The plot of Money Must Stay in the Family, unfolds around the family matriarch's last will and traces the story of an upper class Jewish family from Turin, the fictional Ottolenghis. The multigenerational saga begins wit the flight from Mussolini's Racial Laws of 1938 and continues with the arrival in the Upper West Side of Manhattan and the dispersion from New York to Rome, Paris, Tuscany, South America, and Jerusalem. The gravitational center of the story is New York: the place of safety, new beginnings, mixing, and eventual return. The city becomes a place where people who left behind everything that had been familiar for generations re-invent themselves, or at least attempt to.
This is not a story of assimilation into American society, but rather an insightful look into how the century-old attachment to their Jewish-Piedmontese identity and origin continues to operate within them, as their daily lives occur in a new environment. One of Elkann's narrative techniques is that of comparing and contrasting. The Ottolenghis are measured against the Weils, a French Jewish family, who has settled across Central Park in the more affluent Upper East Side. Where the Italian family is anchored in history and tradition, the French family is preoccupied with waiting for the war to end and returning to their business and status. Their interaction as the two families intermarry becomes a way to face and come to terms with America.Unlike the numerous studies of German and Austrian Jews who came to the US fleeing Nazism in the late 1930's, until recently relatively little has been written on the much smaller groups of Jews arriving from Italy and France.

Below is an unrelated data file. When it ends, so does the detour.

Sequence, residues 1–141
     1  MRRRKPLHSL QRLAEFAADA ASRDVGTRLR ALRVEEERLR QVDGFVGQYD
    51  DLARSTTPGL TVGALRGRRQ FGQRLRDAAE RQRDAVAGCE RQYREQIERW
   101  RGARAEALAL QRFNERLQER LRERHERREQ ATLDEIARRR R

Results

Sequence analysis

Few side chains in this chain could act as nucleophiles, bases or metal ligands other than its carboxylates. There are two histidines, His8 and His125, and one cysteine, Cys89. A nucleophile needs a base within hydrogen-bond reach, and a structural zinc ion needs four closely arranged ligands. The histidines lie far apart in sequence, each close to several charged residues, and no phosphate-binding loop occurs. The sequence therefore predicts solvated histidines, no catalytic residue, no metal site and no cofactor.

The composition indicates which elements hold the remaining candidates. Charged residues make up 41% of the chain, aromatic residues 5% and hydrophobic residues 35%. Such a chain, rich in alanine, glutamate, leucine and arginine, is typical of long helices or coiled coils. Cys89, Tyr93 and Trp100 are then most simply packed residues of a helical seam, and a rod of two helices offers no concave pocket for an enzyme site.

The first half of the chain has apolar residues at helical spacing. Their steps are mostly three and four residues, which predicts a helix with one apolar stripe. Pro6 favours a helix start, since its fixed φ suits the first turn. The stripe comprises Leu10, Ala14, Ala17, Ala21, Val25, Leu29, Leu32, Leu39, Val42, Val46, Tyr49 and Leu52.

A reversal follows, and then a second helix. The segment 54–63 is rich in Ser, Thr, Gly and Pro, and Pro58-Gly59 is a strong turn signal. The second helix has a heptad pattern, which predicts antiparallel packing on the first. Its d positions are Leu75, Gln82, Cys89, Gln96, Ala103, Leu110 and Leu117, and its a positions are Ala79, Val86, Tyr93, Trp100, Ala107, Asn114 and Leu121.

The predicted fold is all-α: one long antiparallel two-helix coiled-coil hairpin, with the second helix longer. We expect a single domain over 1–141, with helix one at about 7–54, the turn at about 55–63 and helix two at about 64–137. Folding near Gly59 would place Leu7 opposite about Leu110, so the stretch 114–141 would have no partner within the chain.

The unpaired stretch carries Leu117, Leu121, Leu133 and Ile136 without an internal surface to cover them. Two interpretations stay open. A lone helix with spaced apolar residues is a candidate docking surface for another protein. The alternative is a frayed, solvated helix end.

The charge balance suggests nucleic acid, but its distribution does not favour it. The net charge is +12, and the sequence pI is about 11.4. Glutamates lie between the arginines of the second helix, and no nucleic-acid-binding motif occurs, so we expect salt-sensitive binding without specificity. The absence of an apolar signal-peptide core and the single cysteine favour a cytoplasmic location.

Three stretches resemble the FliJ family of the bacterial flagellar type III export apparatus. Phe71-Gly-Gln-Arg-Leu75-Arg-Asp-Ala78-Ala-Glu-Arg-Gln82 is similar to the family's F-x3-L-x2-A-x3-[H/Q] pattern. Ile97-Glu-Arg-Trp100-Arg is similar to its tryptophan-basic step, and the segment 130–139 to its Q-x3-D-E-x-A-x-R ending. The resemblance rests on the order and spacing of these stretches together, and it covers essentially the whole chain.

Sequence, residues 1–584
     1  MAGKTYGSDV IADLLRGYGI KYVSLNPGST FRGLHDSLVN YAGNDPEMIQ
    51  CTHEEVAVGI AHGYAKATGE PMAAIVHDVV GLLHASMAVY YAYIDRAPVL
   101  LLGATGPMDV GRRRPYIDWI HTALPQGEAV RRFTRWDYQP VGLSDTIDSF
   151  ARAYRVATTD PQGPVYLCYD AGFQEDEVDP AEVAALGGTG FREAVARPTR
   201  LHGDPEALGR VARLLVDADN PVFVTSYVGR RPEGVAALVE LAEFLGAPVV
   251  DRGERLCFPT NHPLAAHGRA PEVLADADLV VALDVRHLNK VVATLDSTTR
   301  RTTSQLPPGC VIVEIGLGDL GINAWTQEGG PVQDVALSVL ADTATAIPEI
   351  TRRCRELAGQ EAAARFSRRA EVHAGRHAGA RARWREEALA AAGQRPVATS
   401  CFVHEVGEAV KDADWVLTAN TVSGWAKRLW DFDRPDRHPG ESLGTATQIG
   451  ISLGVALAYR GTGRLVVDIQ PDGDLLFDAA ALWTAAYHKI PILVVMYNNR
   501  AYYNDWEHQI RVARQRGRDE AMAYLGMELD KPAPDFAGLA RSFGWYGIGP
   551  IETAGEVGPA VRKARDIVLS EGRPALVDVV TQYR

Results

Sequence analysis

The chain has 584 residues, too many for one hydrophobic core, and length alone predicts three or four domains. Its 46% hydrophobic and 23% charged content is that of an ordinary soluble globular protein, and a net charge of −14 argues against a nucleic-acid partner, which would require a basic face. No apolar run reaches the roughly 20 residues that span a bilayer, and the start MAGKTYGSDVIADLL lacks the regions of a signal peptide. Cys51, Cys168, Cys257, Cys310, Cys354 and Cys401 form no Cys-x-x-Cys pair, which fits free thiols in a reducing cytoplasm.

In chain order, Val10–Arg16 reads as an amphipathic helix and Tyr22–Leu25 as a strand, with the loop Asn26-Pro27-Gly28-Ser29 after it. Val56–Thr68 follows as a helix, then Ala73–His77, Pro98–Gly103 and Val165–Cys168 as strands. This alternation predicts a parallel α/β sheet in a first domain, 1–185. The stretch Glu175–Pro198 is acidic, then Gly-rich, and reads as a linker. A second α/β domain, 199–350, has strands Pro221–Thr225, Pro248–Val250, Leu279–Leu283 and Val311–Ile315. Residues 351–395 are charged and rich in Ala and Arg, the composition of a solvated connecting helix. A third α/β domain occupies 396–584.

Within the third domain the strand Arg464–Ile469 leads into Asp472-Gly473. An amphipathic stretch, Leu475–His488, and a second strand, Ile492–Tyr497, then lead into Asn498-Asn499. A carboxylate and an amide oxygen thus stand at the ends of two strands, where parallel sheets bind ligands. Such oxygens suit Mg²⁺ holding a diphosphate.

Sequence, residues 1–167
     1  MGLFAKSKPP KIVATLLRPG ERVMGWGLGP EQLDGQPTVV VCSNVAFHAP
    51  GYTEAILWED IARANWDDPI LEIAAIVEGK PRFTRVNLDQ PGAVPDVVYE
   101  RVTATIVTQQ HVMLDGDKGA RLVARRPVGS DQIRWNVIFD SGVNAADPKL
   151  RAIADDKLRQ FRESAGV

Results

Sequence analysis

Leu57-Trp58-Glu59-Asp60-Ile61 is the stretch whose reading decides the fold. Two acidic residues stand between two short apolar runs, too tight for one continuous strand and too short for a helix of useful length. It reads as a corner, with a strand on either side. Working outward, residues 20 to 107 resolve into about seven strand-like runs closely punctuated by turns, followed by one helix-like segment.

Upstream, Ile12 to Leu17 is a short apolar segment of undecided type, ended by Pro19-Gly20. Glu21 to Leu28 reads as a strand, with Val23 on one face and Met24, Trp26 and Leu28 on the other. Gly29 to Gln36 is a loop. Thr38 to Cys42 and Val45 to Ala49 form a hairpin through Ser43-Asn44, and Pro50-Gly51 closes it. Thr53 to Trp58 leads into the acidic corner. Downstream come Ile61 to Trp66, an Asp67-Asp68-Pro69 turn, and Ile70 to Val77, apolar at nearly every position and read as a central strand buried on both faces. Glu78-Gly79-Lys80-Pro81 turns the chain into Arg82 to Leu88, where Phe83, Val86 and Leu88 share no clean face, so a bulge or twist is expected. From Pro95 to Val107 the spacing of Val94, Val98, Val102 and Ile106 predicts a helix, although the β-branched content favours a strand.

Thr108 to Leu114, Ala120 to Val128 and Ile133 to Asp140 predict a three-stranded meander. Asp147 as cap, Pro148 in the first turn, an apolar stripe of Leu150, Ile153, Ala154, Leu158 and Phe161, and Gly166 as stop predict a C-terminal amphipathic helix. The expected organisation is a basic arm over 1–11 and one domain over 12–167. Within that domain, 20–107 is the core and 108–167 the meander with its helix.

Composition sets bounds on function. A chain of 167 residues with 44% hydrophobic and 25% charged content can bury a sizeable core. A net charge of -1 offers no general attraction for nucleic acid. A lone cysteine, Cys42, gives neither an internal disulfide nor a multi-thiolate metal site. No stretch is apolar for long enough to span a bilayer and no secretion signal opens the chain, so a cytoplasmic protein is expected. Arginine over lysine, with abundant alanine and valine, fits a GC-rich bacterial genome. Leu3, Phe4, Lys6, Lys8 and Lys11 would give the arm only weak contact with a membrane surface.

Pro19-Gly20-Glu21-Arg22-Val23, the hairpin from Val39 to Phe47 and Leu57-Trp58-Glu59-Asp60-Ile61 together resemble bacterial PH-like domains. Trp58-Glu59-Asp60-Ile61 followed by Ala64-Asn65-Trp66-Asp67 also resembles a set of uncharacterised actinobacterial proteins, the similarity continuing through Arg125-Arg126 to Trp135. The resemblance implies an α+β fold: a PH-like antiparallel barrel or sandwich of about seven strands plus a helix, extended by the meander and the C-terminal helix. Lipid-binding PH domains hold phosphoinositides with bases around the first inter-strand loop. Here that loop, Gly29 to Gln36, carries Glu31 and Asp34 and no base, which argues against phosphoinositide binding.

Centro Primo Levi's publishing and research project Americordo, of which this book is part, has began to offer sources to reconstruct this story.Alain Elkann has found the perfect pitch to describe from the inside this small minority of Italian and French Jewish émigrés to America: wealthy and for the most part oblivious to politics, they escaped the brunt of the persecution and loss, and have thus far remained largely unexamined.Avoiding stereotyping and sociological categories, in a delicate balance between fiction and memoir, Elkann focuses on individual destinies and quests. Through a multitude of characters from two interconnected families, he presents forms of attachment, estrangement, belonging, rejecting, escaping and returning to Judaism, in a post-Shoah world. [Publisher's text]